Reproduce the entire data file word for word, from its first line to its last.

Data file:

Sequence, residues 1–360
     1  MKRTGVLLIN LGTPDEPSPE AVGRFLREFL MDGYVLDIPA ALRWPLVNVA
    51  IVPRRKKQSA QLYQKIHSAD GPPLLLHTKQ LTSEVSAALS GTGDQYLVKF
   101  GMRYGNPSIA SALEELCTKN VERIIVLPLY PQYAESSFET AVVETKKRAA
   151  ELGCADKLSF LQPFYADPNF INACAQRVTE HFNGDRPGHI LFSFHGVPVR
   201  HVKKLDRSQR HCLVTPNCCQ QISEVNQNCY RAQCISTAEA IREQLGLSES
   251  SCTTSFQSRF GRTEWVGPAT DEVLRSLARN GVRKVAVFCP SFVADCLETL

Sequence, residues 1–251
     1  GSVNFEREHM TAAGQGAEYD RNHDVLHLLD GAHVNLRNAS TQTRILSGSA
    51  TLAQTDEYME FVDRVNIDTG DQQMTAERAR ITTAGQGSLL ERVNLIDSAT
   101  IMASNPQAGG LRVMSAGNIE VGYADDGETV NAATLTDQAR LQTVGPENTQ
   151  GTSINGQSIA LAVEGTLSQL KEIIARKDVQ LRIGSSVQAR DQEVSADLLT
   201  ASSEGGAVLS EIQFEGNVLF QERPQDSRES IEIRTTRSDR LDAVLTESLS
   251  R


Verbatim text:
Sequence, residues 1–360
     1  MKRTGVLLIN LGTPDEPSPE AVGRFLREFL MDGYVLDIPA ALRWPLVNVA
    51  IVPRRKKQSA QLYQKIHSAD GPPLLLHTKQ LTSEVSAALS GTGDQYLVKF
   101  GMRYGNPSIA SALEELCTKN VERIIVLPLY PQYAESSFET AVVETKKRAA
   151  ELGCADKLSF LQPFYADPNF INACAQRVTE HFNGDRPGHI LFSFHGVPVR
   201  HVKKLDRSQR HCLVTPNCCQ QISEVNQNCY RAQCISTAEA IREQLGLSES
   251  SCTTSFQSRF GRTEWVGPAT DEVLRSLARN GVRKVAVFCP SFVADCLETL

Sequence, residues 1–251
     1  GSVNFEREHM TAAGQGAEYD RNHDVLHLLD GAHVNLRNAS TQTRILSGSA
    51  TLAQTDEYME FVDRVNIDTG DQQMTAERAR ITTAGQGSLL ERVNLIDSAT
   101  IMASNPQAGG LRVMSAGNIE VGYADDGETV NAATLTDQAR LQTVGPENTQ
   151  GTSINGQSIA LAVEGTLSQL KEIIARKDVQ LRIGSSVQAR DQEVSADLLT
   201  ASSEGGAVLS EIQFEGNVLF QERPQDSRES IEIRTTRSDR LDAVLTESLS
   251  R